Next, it's best to seek out general resources you can use to learn about the fundamentals of the domain and do a bit of self-study. Being at least vaguely familiar with the jargon and fundamental concepts in the domain will let you avoid wasting the time of people you interview later. You should learn enough about the fundamentals to have a rough idea of what kinds of knowledge the system will need to have.

Once you've developed an understanding of the basics, you're ready to begin the iterative process. Based on your initial research, write down a list of questions about the domain, which, if answered, would provide knowledge in the areas you previously identified. Seek out a cooperative subject-matter expert, briefly explain the project to him, and ask him the questions (often the customer will provide the expert; otherwise they should pay the expert a consulting fee to work with you). Usually the answers will lead to more questions.

After the initial interview, you can try to organize the information you've gathered into some kind of structure-perhaps a written outline or a flow chart. As you do this, you can begin to look for what might turn out to be individual rules. For the income tax forms advisor, an individual rule you might encounter early in the process would be:

rule use-ez-form:
IF
filing status is "single" and
user made less than $50000
THEN
recommend the user file Form 1040EZ

Buy a stack of white index cards and write each potential rule on one side of an individual card. Use pencil so you can make changes easily. The cards are useful because they let you group the rules according to function, required inputs, or other criteria. When you have a stack of 100 cards or more, the utility becomes obvious. You can use the reverse sides of the cards to record issues regarding each rule. This stack of cards might be the final product of knowledge engineering, or the cards' contents might be turned into a report. The cards themselves are often the most useful format, though.

After organizing the new knowledge on index cards, you may see obvious gaps that require additional information. Develop a new set of interview questions and meet with the expert again. The appropriate number of iterations depends on the complexity of the system.

Knowledge engineering doesn't necessarily end when development begins. After an initial version of a system is available, the expert should try it out as a user and offer advice to correct its performance. If possible, a prototype of the system should be presented to the expert at every interview-except perhaps the first one.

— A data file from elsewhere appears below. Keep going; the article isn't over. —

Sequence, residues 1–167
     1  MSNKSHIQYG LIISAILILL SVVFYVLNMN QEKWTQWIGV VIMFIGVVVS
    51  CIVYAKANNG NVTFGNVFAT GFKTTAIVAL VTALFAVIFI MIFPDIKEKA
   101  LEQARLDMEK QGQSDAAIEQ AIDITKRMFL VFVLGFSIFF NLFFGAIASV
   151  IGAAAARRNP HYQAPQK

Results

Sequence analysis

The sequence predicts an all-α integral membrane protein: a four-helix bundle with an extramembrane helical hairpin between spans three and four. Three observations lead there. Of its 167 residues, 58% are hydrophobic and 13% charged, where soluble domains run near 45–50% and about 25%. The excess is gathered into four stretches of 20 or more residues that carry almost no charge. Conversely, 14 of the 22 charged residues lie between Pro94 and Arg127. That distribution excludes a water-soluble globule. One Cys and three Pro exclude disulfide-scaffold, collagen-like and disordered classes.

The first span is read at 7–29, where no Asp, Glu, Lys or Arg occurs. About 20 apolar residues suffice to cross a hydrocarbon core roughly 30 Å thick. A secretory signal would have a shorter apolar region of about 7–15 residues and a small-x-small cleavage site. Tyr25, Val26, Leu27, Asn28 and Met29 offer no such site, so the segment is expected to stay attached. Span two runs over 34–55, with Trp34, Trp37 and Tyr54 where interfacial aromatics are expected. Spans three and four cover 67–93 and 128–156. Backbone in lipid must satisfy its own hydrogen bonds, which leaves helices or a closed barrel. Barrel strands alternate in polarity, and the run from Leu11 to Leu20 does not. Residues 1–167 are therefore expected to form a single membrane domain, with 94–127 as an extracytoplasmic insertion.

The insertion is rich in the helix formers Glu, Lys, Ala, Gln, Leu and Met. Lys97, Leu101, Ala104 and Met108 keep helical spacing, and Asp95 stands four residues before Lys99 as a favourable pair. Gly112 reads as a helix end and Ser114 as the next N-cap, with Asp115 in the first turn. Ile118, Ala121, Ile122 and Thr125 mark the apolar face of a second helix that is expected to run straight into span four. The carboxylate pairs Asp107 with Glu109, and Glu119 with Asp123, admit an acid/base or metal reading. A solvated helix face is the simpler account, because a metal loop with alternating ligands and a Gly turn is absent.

Likewise, development needn't be deferred until knowledge engineering is complete. For many small projects, the knowledge engineer is one of the developers, and in this case you may be able to dispense with the cards and simply encode the knowledge you collect directly into a prototype system.

Interviews

People are the best source of information about the requirements for a system. Many projects have requirements documents: written descriptions of how a proposed system should behave. Despite the best intentions, such documents rarely capture the expectations for a system in enough detail to allow the system to be implemented. Often, you can get the missing details only by talking to stakeholders: the customers and potential users of the system.

People can also direct you to books, web sites, and other people who will help you learn about the problem domain. These days it's common to suffer from information overload when you try to research a topic-there are so many conflicting resources available that it's hard to know what information to believe. The stakeholders in the system can tell you which resources they trust and which ones they don't.

If you find conflicting information among otherwise trustworthy references during your research, or hear conflicting statements during interviews, don't be afraid to ask for clarification. You'll need a strategy for resolving conflicts that hinge on matters of
opinion. Sometimes you can do this by picking a specific person as the ultimate arbiter. Other times, especially on larger projects, it's appropriate to hold meetings to get the stakeholders to make decisions in a group setting.

Created: March 27, 2003
Revised: August 6, 2003

URL: http://webreference.com/programming/rule/1